Shortly before the election, a small band of conservative commentators, led by Niall Ferguson, made the bizarre argument that David Cameron should call in the IMF as soon as he entered Downing Street, paving the way for a programme of "austerity cuts".
Had the Prime Minister followed their counsel, I doubt the right would have got the answer it was looking for. The IMF, like most other major economic institutions, has consistently warned states of the dangers of slashing spending while still in the recovery phase.
Here's what the IMF's chief economist, Olivier Blanchard, told the French business daily La Tribune:
There is indeed a risk that, under market pressure, some countries overdo austerity. That would be a mistake.
George Osborne may have claimed that Britain faces a Greek-style meltdown unless it cuts spending now, but Blanchard elegantly demolishes this argument in just a few sentences:
Markets tend to lump a series of countries in the same basket. In fact, other European countries don't need to take the same draconian measures as Greece to reduce their budget deficits.
They are more credible to start with, with less debt, and they can afford a more gradual adjustment to limit the negative impact of consolidation on short-term growth.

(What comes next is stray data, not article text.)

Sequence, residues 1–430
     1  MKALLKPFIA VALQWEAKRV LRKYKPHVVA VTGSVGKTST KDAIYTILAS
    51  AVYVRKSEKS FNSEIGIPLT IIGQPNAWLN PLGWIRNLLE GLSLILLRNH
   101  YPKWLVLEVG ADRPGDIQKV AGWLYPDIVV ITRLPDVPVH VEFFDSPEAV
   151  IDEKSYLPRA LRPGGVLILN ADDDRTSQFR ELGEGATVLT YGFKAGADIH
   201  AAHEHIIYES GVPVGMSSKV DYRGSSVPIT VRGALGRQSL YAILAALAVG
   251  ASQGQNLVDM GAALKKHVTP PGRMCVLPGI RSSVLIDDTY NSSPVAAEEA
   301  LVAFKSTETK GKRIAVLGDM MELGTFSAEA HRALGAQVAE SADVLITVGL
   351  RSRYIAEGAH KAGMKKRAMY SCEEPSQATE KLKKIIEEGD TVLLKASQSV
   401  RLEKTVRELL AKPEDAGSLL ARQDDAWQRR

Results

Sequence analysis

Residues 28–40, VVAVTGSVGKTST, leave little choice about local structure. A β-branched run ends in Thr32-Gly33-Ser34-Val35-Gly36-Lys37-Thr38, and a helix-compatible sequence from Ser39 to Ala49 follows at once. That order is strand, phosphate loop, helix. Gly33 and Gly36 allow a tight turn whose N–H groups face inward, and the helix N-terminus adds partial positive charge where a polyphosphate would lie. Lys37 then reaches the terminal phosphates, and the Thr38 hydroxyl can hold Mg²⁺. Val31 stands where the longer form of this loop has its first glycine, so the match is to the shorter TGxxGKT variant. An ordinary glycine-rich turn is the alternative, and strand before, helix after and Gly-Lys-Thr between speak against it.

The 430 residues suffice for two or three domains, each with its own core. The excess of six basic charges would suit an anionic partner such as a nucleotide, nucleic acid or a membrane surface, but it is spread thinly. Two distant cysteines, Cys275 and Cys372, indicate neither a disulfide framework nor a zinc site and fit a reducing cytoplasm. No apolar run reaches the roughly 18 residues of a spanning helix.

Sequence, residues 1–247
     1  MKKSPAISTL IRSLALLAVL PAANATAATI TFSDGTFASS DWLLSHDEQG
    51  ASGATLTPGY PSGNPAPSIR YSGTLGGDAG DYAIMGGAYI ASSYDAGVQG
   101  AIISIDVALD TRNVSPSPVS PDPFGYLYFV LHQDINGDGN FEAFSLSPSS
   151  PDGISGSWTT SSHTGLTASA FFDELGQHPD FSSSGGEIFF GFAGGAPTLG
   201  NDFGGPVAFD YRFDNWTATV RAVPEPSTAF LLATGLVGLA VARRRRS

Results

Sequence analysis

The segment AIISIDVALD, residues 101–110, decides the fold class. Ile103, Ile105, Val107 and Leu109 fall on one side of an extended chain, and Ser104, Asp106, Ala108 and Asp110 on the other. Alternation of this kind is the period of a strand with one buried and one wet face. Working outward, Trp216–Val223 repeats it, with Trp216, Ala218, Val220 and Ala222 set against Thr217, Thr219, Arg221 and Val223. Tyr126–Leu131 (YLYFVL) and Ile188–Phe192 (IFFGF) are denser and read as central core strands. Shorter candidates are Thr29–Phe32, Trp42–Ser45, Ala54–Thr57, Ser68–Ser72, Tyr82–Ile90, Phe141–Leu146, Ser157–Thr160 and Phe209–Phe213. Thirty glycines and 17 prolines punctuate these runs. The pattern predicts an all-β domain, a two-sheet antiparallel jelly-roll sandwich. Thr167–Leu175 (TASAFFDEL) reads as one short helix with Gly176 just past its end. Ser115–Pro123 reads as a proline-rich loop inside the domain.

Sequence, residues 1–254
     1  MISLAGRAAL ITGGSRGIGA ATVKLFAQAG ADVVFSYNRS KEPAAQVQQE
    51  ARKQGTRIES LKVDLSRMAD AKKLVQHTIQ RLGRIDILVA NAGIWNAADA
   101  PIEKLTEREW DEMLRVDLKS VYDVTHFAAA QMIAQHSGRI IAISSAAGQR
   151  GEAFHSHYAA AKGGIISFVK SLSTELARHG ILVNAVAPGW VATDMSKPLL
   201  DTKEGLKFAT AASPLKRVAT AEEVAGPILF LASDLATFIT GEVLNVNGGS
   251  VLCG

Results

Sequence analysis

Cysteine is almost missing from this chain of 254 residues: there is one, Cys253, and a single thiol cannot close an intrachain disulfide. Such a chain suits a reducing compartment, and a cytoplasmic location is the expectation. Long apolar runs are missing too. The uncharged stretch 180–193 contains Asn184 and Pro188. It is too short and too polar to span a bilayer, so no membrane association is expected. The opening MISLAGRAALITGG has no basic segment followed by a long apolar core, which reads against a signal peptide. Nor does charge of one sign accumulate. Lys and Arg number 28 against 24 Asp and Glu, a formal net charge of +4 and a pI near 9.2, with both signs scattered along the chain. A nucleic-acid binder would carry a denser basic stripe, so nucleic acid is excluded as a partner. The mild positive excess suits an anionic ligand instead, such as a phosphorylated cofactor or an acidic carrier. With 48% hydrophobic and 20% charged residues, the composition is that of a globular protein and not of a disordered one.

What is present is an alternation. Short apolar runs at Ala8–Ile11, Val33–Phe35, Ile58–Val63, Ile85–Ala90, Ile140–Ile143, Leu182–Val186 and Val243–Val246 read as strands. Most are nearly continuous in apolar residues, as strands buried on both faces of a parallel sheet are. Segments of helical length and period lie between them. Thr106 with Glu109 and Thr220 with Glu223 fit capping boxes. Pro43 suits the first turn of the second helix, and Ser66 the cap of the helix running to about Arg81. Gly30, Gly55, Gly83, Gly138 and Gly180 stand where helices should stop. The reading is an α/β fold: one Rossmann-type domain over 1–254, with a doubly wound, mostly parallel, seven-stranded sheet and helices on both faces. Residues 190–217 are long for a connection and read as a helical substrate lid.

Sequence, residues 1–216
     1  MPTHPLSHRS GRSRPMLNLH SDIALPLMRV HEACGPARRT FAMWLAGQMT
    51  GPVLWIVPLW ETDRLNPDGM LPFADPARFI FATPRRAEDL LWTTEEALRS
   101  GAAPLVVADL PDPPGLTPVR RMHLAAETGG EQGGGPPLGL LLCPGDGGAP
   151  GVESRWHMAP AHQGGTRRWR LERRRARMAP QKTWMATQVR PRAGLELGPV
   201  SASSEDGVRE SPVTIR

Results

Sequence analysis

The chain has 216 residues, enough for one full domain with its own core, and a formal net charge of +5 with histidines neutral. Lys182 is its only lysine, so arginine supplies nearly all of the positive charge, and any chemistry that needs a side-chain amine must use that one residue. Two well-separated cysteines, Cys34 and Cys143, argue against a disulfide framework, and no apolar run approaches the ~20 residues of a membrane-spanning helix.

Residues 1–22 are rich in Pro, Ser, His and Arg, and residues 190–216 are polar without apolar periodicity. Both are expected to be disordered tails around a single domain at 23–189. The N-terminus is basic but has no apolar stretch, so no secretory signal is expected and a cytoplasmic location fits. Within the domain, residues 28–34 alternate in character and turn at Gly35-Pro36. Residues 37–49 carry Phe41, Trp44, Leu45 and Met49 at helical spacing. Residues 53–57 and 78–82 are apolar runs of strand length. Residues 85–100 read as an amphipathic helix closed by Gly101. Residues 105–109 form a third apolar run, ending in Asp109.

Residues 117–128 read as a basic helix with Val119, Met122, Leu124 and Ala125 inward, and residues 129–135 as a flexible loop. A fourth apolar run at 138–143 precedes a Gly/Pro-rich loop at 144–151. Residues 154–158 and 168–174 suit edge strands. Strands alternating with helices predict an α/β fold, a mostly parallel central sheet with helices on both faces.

Sadly Osborne (and his state-slashing sidekick David Laws) appear to be unacquainted with any of these arguments. Britain's public debt, whatever today's misleading Independent front page may claim, is, at 62 per cent of GDP, still well below the average of advanced G20 members.
For instance, prudent Germany has a public debt of 77 per cent, France has a debt of nearly 80 per cent and Japan has a public debt of 192 per cent.
In 1956, Britain's public debt stood at 146 per cent -- more than twice its current level -- but was soon reduced, not through draconian spending cuts, but through economic growth, tax rises and moderate inflation.
But will the economic right recall any of this or report on the latest IMF warning? I won't hold my breath.